Some of my favorite memories growing up were pretending and playing with my sisters and brother. Sometimes, we were inside playing with dolls, toy horses, or little ceramic animals – with each, playing out their family lives and school days. Sometimes, we were outside building forts in the hay barn or pretending we were part of a tribe of 19th Century Native Americans down in the pasture by the creek.
I don’t have a lot of memories of playing with either of my parents when I was younger. My mom liked to have tickle fights on occasion, and my dad would let us pretend he was a horse sometimes, but for the most part, their part in our play was to gave us the resources – and encourage the imagination – to allow us to come up with our own play games.
For example, I remember getting a toy tractor and grain wagon and some toy animals for a birthday one year. My mom had built a red- and white-painted barn out of wood, brought in a cup of corn, and showed me how to load up the toy wagon with corn and pull it behind the tractor to the animals in the barn. I had a lot of fun with that. I also fondly remember a playhouse my dad built for us and how my mom showed me how to pretend to cook the leaves of mallow weeds. I would spend hours picking mallow and shredding the leaves to make a salad to be enjoyed by my sister who would pretend to eat it.
These are just a couple examples of how Mom and Dad built and demonstrated, but wouldn’t get too involved in the actual playing and never tried to direct what we pretending.
I know some families who feel the need to be involved in nearly every moment of play with their children. They actively participate in putting puzzles together and drawing pictures and building blocks and playing in the sandbox. That’s not for me. I’ll help get the puzzles out, I’ll get my kids their crayons or watercolor paint and some paper, I’ll show my kids how to build sandcastles using little buckets and shovels. But, I’d much rather they come up with their own ideas for playing and pretending. I like to sit back and watch, so to speak (it’s more likely I’m writing an article or cleaning up the kitchen or feeding the goats), to see what pretend games my kids can come up with on their own. Frequently, I’m quite surprised by their creativity.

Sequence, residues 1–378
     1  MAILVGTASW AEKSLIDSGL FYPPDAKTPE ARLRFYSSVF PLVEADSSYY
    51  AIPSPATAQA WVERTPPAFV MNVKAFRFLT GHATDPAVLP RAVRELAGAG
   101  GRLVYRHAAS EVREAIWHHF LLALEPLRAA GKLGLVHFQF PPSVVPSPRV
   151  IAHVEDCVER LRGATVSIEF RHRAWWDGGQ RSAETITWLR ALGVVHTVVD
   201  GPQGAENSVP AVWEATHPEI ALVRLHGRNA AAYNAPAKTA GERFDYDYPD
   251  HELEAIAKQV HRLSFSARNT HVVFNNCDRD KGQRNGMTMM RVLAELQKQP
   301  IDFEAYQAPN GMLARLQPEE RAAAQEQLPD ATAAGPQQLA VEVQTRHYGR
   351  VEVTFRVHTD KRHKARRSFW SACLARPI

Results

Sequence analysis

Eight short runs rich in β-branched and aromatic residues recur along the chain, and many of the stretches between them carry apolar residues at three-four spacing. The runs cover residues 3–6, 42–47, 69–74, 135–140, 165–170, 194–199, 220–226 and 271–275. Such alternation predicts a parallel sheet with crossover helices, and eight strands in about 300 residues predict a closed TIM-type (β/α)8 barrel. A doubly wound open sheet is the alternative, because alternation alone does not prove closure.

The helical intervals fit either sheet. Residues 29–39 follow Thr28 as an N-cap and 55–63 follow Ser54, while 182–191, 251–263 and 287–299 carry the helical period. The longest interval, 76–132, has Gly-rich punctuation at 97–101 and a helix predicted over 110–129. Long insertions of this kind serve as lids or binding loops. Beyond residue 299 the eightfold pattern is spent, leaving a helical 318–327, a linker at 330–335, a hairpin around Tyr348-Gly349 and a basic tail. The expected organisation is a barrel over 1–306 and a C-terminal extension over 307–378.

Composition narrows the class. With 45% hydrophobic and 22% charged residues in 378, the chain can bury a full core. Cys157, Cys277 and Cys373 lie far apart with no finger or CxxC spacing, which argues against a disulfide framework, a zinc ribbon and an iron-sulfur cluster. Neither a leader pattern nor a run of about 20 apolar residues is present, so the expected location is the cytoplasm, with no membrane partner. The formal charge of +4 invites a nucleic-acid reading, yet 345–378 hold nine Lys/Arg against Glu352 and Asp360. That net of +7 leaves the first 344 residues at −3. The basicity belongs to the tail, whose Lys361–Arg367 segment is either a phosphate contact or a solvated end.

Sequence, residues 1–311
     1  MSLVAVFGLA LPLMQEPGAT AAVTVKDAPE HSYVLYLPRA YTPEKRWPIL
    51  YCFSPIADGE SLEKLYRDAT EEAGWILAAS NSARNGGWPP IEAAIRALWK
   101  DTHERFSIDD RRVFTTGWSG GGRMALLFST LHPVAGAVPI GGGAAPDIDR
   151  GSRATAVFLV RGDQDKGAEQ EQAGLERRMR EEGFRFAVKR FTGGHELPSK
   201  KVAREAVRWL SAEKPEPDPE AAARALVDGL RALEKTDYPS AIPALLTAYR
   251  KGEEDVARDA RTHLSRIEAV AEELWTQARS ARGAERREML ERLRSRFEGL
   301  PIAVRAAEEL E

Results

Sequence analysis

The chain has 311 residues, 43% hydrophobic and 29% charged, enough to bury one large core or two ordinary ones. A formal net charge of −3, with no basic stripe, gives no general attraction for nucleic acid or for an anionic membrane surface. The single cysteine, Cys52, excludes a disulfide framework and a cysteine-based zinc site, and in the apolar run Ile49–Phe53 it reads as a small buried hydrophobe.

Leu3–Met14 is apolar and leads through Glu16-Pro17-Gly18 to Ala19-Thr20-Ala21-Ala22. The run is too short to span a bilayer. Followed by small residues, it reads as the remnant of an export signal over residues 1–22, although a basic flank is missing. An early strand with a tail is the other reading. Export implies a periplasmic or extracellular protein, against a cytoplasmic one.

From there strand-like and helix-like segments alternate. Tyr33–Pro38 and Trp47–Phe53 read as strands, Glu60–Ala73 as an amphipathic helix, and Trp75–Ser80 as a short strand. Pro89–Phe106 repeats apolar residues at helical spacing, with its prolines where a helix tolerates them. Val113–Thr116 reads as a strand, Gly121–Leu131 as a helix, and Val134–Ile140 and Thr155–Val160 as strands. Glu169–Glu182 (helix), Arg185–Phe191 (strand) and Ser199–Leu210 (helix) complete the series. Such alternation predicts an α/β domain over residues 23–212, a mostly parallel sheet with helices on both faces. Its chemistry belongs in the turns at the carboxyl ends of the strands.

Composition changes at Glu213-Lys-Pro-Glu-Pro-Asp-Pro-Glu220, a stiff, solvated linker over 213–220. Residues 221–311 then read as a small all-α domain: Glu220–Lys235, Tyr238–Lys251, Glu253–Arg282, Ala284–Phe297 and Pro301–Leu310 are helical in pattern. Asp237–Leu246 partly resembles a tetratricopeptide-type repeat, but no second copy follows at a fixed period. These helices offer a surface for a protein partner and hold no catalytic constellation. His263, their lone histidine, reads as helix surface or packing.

At this moment, my kids are pretending to wash their plastic dishes using the top of the firewood box (for our wood-burning stove) in our living room. Suddenly, my two-year-old daughter starts running around the couch announcing that a tickle monster is after her, and my three-year-old daughter consoles her by telling her the monster is actually just a cow. Then, they’re sitting in the bottom of the coat closet, dressed up in my scarves and gloves and pretending they’re riding a train. My two-year-old asks where the monster is at, and her sister replies that it’s under the rug. Who’s actually under the rug? The cat, who notices the kids are looking at her and runs into the kitchen.
I get up from my computer to make sure the cat doesn’t get hurt and usher the kids back into the living room, where they sit atop the firewood box again, this time piled high with pillows. Looks like they’re settling in for a few minutes. My oldest asks the youngest if she’d like to read books and goes to the shelf in my office to get a couple books to read to her sister. Sweet. That lasts a little while, and then I notice a couple books on the floor so I say to pick them up. Both get to work, collecting books off the floor and in other assorted places like the couch and from the closet, my oldest quoting a character off a cartoon she saw recently, “Run like the wind!” and hurrying to pick up as many as she can as quickly as she can. And now, they’re changing into swimsuits and announcing to me that they’re going to swim in the sea of honey.
Wow, that’s amazing – how much imagination and ingenuity they’re displaying, and how much they’re learning about getting along with others and taking responsibility! I think spending time with our kids is vitally important, but I also think giving children unstructured and relatively unsupervised (in that we don’t direct their play but that we are aware of what they’re doing, so they’re not writing on the wall or doing something dangerous) is critical to helping our children develop their social and problem-solving skills and creativity.
Don’t get me wrong – there are plenty of times that I play with my kids, but I’d much rather leave the pretend play up to the imagination of their young minds.